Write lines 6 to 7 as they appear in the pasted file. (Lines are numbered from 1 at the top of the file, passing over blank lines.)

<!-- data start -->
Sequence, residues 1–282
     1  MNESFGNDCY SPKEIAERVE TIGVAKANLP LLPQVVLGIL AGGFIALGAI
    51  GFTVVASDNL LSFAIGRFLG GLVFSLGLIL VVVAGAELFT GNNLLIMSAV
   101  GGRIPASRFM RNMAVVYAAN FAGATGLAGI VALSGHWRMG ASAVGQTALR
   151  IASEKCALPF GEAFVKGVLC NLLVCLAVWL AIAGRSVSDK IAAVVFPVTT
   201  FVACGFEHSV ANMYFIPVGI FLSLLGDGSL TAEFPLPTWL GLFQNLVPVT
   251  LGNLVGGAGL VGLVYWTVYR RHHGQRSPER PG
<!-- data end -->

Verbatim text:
   201  FVACGFEHSV ANMYFIPVGI FLSLLGDGSL TAEFPLPTWL GLFQNLVPVT
   251  LGNLVGGAGL VGLVYWTVYR RHHGQRSPER PG